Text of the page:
"Remember Amy Winehouse by downloading the ground-breaking 'Back to Black' over at Zune," read a tweet Monday from the account of Microsoft's Xbox game console about the death of the 27-year-old songstress.
The message, perceived as capitalizing on the death of the Grammy winner, was widely criticized among Twitter users who called it "cheap" and "crass."
"Whoever is over @tweetbox360 is seriously a foolish tool with little or no PR clout," one follower wrote.
"Apologies to everyone if our earlier Amy Winehouse 'download' tweet seemed purely commercially motivated. Far from the case, we assure you," the company said after the backlash, adding "With Amy W's passing, the world has lost a huge talent. Our thoughts are with Amy's family and friends at this very sad time."
The singer's death this weekend has caused a surge in her music sales -- her 2006 album "Back To Black" climbed to the top of the US and UK iTunes charts, where it stayed through Monday.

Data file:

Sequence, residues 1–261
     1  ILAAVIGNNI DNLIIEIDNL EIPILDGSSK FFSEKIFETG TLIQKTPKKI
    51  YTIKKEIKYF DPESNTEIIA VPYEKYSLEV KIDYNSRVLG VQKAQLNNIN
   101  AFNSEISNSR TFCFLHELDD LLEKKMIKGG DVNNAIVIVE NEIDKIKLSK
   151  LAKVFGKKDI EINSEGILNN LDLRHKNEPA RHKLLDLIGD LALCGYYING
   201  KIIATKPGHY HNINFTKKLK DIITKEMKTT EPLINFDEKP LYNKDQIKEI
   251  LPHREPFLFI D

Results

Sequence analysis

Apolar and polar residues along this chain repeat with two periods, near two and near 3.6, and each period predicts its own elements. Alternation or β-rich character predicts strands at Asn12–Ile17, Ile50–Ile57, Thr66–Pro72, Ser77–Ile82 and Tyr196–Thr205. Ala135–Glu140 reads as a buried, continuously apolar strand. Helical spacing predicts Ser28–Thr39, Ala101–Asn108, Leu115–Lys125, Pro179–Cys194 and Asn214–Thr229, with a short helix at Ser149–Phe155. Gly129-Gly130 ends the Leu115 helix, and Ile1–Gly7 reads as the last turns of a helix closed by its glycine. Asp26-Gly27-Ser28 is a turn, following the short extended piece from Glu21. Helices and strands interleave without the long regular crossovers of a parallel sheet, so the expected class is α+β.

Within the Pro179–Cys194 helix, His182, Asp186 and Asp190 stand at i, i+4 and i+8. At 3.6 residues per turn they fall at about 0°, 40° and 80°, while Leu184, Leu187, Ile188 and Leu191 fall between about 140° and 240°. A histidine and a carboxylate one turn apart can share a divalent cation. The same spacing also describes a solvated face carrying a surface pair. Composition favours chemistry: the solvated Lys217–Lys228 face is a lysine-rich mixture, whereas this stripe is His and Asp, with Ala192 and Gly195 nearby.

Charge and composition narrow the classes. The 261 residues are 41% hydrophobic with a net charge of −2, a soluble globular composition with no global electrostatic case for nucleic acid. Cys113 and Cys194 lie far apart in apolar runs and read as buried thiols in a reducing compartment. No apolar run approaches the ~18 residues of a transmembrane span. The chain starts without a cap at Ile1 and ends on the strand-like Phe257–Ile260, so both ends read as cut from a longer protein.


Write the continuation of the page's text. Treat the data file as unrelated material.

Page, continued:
In March, another Microsoft Twitter account for Bing, the company's search engine, landed in hot water for a tweet seen as a publicity stunt after the devastating earthquake in Japan.
"How you can #SupportJapan - http://binged.it/fEh7iT. For every retweet, @bing will give $1 to Japan quake victims, up to $100K," the company wrote.
But Twitter followers accused the tech giant of trying to get press instead of just donating money to help the victims of the natural disaster.
"Why not just give them the $100k," one follower tweeted, among the slew of nasty messages posted.
"We apologize the tweet was negatively perceived. Intent was to provide an easy way for people to help Japan. We have donated $100K," the company said.